Like Haffner, Slegers refers students and parents to external resources, be they books, websites, or centers and organizations, and encourages parents to explore these together with their children. “To learn with your child; what a great opportunity,” added Slegers.

    March 26, 2012
  3. kiffi summa said:

    Anne: what do you think about the DARE program? Is the parallel of the quality (NF continues to use although widely discredited as to effectiveness) of the DARE program useful to consider, although Dare has a different subject matter?

    I guess what I’m getting at here is a reticence to deal effectively with serious subjects that are difficult to handle between school’s responsibilities, and widely differing parental social values and interest in having the schools involved.

    I will fall on the side of teaching provable science, or medical knowledge, every time.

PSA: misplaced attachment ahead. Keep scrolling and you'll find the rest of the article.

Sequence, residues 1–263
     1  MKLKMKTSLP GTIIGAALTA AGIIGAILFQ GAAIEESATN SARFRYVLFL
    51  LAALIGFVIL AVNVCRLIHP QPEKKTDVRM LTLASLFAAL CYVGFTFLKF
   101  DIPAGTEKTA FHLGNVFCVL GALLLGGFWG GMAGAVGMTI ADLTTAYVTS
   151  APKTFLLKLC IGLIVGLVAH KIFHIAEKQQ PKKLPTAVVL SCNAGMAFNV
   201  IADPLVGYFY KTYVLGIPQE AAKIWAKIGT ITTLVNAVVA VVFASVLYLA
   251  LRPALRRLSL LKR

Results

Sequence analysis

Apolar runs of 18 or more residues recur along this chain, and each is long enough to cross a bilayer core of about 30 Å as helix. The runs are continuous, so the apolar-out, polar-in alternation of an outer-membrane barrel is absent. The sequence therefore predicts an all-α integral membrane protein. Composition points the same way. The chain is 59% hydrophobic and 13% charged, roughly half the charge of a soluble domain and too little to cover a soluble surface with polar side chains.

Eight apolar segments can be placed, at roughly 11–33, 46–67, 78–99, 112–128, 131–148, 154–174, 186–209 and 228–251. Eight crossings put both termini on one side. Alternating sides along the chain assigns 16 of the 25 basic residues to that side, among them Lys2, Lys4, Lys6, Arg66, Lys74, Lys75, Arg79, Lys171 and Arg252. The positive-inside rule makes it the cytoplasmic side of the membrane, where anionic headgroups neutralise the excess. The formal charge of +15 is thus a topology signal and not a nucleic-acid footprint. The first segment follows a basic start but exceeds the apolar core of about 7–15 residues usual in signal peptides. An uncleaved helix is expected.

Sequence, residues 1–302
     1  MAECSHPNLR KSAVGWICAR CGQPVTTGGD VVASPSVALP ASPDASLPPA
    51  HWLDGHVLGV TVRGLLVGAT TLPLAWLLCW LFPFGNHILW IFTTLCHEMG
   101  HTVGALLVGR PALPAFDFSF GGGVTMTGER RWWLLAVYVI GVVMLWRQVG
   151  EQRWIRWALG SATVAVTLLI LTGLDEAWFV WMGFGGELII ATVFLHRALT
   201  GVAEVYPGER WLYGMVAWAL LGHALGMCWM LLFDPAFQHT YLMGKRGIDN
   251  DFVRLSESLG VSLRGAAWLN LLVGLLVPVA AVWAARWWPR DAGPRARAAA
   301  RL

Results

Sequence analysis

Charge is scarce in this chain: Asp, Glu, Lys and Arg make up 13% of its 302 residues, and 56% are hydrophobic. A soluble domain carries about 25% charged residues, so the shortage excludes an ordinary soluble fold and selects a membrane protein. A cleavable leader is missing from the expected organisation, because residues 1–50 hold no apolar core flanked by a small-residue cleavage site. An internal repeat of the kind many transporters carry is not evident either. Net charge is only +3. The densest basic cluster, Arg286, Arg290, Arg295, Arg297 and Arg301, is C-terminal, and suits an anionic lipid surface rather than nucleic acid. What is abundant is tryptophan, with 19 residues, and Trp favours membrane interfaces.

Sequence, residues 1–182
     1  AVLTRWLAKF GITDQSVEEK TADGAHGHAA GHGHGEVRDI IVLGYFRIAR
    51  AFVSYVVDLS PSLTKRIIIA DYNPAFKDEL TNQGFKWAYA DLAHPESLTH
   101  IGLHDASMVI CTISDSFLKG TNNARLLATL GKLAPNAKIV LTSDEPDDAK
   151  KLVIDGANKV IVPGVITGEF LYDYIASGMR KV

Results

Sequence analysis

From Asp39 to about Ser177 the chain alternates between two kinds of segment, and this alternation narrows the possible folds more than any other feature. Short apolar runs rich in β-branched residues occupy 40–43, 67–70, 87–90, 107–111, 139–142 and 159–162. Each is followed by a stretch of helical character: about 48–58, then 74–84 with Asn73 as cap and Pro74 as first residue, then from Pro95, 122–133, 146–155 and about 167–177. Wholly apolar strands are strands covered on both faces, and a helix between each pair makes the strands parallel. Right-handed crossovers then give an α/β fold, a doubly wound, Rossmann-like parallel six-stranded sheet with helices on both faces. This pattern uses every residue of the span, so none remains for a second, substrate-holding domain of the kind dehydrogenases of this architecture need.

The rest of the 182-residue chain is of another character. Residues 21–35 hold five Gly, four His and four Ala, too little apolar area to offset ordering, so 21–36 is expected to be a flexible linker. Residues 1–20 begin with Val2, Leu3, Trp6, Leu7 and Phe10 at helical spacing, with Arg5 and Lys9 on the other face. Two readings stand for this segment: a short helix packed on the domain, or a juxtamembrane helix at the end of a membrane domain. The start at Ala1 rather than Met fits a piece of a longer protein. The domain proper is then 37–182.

March 26, 2012
  4. Griff Wigley said:

    Kiffi, I’m working on a blog post about DARE so I’d like to keep this message thread focused on sex ed. Thanks for the nudge!

    March 26, 2012
  5. Griff Wigley said:

    I should have included a reference to this in the blog post: Chuck Berry’s only #1 single, My Ding-a-Ling. Forty years ago and it’s still, um, a touchy issue.

    This here song, it ain’t too sad
    Cutest little song you ever had
    Those of you, who will not sing
    You must be playing with your own ding a ling

    Complete lyrics here.

    Original video:


    March 26, 2012